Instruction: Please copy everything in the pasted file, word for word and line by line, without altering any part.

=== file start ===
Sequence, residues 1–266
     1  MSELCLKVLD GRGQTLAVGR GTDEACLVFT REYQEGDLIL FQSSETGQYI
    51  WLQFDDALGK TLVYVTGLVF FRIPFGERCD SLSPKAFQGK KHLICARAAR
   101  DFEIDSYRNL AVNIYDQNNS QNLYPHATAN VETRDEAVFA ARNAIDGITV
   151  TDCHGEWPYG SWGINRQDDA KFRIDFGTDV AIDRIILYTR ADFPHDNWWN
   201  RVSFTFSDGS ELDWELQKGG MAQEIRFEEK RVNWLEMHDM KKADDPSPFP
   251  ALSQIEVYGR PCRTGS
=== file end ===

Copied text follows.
Sequence, residues 1–266
     1  MSELCLKVLD GRGQTLAVGR GTDEACLVFT REYQEGDLIL FQSSETGQYI
    51  WLQFDDALGK TLVYVTGLVF FRIPFGERCD SLSPKAFQGK KHLICARAAR
   101  DFEIDSYRNL AVNIYDQNNS QNLYPHATAN VETRDEAVFA ARNAIDGITV
   151  TDCHGEWPYG SWGINRQDDA KFRIDFGTDV AIDRIILYTR ADFPHDNWWN
   201  RVSFTFSDGS ELDWELQKGG MAQEIRFEEK RVNWLEMHDM KKADDPSPFP
   251  ALSQIEVYGR PCRTGS